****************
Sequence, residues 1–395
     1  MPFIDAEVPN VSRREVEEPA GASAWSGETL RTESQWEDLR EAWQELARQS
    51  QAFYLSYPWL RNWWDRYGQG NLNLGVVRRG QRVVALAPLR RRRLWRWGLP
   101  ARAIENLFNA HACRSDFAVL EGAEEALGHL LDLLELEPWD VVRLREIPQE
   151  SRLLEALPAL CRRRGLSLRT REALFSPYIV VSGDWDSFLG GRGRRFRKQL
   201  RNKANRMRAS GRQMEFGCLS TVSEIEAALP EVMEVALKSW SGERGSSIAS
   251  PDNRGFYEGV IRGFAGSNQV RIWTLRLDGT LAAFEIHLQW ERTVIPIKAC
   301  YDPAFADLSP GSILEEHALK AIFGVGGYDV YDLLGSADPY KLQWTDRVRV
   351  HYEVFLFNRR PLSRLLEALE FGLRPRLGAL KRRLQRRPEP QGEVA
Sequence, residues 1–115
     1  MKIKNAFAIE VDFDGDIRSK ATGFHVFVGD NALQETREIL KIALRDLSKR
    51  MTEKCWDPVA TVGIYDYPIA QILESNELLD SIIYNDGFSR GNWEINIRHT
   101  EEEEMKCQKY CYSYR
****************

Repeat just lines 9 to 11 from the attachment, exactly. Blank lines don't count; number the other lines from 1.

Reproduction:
   351  HYEVFLFNRR PLSRLLEALE FGLRPRLGAL KRRLQRRPEP QGEVA
Sequence, residues 1–115
     1  MKIKNAFAIE VDFDGDIRSK ATGFHVFVGD NALQETREIL KIALRDLSKR